Food & Energy Politics
Most of this past weekend has been spent at the Borders Book Festival in Melrose. It’s a great cacophony of people from many walks of life all brought together by the very fact they are authors and want to talk about it. I’ve heard everyone from Jennifer Saunders to Gordon Brown, from Simon Mayo to The Incredible Spice Men and several more.
On Sunday afternoon I listened to Jay Rayner (Observer food critic amongst other things) presenting. I hadn’t known what to expect but was taken down a thought provoking and challenging path about food politics.
I’ve often said that it’s energy that makes the world go round; by which I mean that the pursuit of energy resources – and in particular coal, oil and gas – has driven the course of Western economies for the past 200 or so years.
However, the provision of affordable food for the people of this planet is also a significant driver. Indeed it says something about how skewed out world has become when the pursuit of energy trumps the provision of food. A similar point can be made with regard to the provision of clean safe water.
Many if not all of the revolutions of the so-called Arab Spring have food scarcity at their heart. The ability of dictatorial regimes to provide affordable and plentiful food for their populace due to sudden spikes in world food prices was a key cause of the popular uprisings across North Africa. Of course there was other stuff going on as well but food – or lack of it – was key.
There is a real challenge for us all to use our land wisely and well. All too often the political debate on land use and land ownership is dominated by politicos who have little thought to the wider issues. Whilst it may result in “democratisation of the countryside” is it really a good thing to split individual farming units into farms of a few hundred acres as is proposed in Scotland? What will be the long term effect of turning over large swathes of land to energy crops as has happened in the US and is happening more and more in the UK? What are the consequences of flooding farmland in Bangladesh with seawater to farm prawns?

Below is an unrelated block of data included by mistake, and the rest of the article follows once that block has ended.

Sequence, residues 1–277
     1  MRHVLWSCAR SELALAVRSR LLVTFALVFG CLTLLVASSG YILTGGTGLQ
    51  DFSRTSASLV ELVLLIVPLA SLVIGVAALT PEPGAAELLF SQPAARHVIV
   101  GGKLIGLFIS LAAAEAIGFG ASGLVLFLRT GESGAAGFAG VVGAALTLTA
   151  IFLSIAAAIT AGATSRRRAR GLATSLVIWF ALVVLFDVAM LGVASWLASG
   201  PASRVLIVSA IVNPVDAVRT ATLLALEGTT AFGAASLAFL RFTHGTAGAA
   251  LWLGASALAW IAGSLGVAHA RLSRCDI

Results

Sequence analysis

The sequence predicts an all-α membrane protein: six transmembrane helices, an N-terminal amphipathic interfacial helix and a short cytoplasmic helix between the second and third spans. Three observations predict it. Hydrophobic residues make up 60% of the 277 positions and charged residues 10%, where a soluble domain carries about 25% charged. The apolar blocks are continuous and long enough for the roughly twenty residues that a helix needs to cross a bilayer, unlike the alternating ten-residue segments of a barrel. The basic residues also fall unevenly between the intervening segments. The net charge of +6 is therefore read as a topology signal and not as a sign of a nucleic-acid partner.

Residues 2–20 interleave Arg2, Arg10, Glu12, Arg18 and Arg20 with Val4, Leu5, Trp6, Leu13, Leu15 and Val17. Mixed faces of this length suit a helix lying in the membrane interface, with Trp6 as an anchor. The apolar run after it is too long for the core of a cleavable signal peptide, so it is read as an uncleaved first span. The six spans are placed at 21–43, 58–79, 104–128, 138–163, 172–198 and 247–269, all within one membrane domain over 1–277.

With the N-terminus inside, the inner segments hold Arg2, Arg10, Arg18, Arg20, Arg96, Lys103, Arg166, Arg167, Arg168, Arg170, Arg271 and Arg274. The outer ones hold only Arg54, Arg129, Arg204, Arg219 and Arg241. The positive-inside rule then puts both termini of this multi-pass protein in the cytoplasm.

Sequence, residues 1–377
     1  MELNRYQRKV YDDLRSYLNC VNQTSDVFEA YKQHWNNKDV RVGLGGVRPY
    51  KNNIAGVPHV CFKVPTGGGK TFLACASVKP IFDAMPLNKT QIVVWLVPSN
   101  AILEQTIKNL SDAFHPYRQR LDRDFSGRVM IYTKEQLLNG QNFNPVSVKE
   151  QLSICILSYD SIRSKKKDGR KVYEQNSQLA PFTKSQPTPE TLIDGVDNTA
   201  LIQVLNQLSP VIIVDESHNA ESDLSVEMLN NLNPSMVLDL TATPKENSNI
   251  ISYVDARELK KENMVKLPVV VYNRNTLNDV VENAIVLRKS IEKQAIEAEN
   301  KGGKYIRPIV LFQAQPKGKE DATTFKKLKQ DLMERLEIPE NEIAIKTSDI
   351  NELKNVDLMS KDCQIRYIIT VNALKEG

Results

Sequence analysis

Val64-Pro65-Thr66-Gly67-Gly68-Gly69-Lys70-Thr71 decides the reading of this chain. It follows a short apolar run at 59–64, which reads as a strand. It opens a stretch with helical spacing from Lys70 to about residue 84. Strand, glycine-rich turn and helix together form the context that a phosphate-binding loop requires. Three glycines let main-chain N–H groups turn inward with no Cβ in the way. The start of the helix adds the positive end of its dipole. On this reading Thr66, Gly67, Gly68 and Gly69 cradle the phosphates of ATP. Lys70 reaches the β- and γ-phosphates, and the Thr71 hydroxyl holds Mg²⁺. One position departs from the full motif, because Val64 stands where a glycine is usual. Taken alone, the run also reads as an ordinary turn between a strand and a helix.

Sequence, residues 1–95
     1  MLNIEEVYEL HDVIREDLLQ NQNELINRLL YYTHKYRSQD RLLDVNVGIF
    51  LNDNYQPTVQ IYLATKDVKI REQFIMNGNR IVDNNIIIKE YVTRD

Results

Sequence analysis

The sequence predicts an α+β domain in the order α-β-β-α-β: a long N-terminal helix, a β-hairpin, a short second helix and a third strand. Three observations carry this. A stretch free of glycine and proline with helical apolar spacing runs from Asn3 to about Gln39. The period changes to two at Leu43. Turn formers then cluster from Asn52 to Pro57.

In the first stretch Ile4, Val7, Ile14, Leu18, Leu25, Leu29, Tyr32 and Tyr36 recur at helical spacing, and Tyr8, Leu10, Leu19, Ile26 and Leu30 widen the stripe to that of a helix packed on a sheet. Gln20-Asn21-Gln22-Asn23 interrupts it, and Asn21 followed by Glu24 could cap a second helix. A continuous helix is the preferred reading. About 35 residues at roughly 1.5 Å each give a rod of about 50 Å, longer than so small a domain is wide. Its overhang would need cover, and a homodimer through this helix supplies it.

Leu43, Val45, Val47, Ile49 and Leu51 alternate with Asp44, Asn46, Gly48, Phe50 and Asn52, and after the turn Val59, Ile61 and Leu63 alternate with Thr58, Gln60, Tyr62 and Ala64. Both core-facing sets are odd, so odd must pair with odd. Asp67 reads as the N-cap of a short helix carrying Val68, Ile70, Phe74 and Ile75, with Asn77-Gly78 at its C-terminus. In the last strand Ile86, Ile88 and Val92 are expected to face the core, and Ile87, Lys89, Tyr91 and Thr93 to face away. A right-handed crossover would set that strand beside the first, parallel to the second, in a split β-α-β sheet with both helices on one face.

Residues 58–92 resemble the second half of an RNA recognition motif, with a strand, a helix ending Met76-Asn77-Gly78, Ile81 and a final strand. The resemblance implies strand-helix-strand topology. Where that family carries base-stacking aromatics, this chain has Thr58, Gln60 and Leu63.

I don’t know the answer to these questions. What I do know is that there are many competing demands on land, that land in the UK is scarce and that UK decisions can have an impact far beyond these shores. Providing adequate and affordable food is just as important as providing sufficient energy and power. And access to such food, energy and power should not just be the preserve of the UK, Scotland or other developed powers; it should be for all.
As always, comments, compliments or criticisms are welcome on twitter or linked-in!